That was/is a fab achievement yet there’s much to be done. So, I’m sneaking in a plea here for members! Either active or simply willing to pay £6 a year to help support us. Can you? https://www.swindoncivicvoice.org.uk/2019/08/swindon-civic-voice-needs-you/

Thank you.



Wyvern’s Summer Youth Project 2019

Wyvern’s Summer Youth Project 2019

August 2019

Wyvern’s Summer Youth Project Serve up a sweet treat with Chitty Chitty Bang Bang

If it’s late August that can mean only one thing: Wyvern’s Theatre Summer Youth Project 2019.

Running since 1994, the summer youth project has become a highlight of the Wyvern’s calendar.

Hear theatre director Laura James talking about the SYP: https://youtu.be/TMuT3eTpBMY

I’ve been to several of them now and they do seem to get better each year. They do a damn good job – all them. On stage and off – the standard is VERY high. All kudos to the Wyvern, to the foundation and to the kids themselves.

2017’s Summer Holiday was lovely and in last year’s production of Oliver, the then 16-year-old Archie Fisher made a big impression with a mature-beyond-his-years performance as Fagin.

I said it then – and I’ll say it again. That young man has ‘it’. So when, in a few year’s time, you see his name in lights remember: you saw him here first.

Here again, in the Wyvern’s Summer Youth Project 2019, in the lead role as Caractacus Potts, the still-only-17-year-old Archie gives a credible performance as as father to two young mother-less children.

Archie Fisher as Caractacus Potts with Ben Brindle as Jeremy and Mollie Avenell as Jemima. Wyvern theatre summer youth project 2019.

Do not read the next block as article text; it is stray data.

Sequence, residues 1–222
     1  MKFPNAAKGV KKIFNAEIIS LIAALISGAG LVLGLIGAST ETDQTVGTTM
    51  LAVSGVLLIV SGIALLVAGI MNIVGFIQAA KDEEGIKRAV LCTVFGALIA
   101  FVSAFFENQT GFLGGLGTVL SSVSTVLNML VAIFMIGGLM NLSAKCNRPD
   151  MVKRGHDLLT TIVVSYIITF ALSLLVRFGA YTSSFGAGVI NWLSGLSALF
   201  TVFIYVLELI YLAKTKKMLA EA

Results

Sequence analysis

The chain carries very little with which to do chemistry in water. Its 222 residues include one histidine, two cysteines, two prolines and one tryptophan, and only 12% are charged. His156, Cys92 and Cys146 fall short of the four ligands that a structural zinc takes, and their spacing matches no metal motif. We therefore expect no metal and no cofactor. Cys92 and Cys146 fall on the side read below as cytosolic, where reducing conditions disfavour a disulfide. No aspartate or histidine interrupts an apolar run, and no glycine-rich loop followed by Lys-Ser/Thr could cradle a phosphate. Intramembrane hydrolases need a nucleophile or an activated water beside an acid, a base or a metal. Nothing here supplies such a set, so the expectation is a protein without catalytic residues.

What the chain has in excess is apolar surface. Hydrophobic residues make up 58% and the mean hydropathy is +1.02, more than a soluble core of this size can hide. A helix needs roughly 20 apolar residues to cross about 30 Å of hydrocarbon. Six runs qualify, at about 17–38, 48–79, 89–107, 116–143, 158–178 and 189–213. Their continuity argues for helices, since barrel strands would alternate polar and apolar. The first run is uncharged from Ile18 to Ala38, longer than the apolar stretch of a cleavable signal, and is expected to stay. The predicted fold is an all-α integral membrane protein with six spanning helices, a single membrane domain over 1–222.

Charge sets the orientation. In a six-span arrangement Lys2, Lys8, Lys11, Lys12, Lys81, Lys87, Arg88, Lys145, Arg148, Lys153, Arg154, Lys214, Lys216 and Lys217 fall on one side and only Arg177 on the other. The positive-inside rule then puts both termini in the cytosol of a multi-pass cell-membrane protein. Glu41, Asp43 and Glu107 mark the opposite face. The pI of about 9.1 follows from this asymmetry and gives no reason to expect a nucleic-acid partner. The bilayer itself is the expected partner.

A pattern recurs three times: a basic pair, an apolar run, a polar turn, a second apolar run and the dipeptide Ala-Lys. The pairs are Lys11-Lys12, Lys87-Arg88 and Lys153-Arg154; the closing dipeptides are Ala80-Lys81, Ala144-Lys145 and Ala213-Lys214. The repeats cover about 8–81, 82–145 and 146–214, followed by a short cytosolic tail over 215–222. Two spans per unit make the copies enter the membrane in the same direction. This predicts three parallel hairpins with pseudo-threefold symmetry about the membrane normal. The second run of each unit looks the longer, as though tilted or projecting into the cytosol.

Archie Fisher as Caractacus Potts with Ben Brindle as Jeremy and Mollie Avenell as Jemima.

A host of memorable performances

But I can’t only talk about Archie Fisher. The production boasts a full complement of super performances. There are not one but two lovely comic duos. Michael Kerr gives a good turn as the infantile Bulgarian Baron – one feels apologies are owed to Bulgaria – and so does Rae Alexander as his long-suffering, indulgent wife.

Amy Gordon made a fitting Truly Scrumptious with her sweet singing voice fitting the role well.

Also deserving a particular mention are Maddy Stimpson-Duffy and Marcellus Hill as Cloris and Goran, the Baron’s bumbling spies sent to get hold of Pott’s car. Lots of laughs from all four! Super stuff.

Both the youngsters playing Pott’s children were scene stealers of course. But I have to give a special word about Mollie Avenell – I felt she too had a notable stage presence.

If you’re at a loose end tonight and you can get a ticket – go! https://swindontheatres.co.uk/Online/tickets-chitty-chitty-bang-bang-swindon-2019 It’s such fun! Scrumptious even. Truly!

Credit: All photos – screenshots aside – Anthony Hunt Photography

Things you might not know about Chitty Chitty Bang Bang

Chitty Chitty Bang Bang is a 1968 British-American musicaladventurefantasy film.  Ken Hughes  directed it. Roald Dahl wrote it, loosely basing it on Ian Fleming’s 1964 novel Chitty-Chitty-Bang-Bang: The Magical Car.

Albert R. Broccoli ( often known as Cubby) famous for being a regular co-producer of the James Bond films produced it.

The film starred Dick Van Dyke, Sally Ann HowesAdrian Hall, Heather Ripley, Lionel JeffriesJames Robertson JusticeRobert Helpmann, and Gert Fröbe.


From the 1960s film: https://youtu.be/-P2jiRPlq2U




Ken White Triptych Lydiard House

Ken White Triptych Lydiard House

August 2019

Ken White Triptych Lydird House

Well. here’s a thing. These past few months, alongside writing Swindon in 50 Buildings, I’ve been working concurrently on Ken White’s story: A Ken White Retrospective.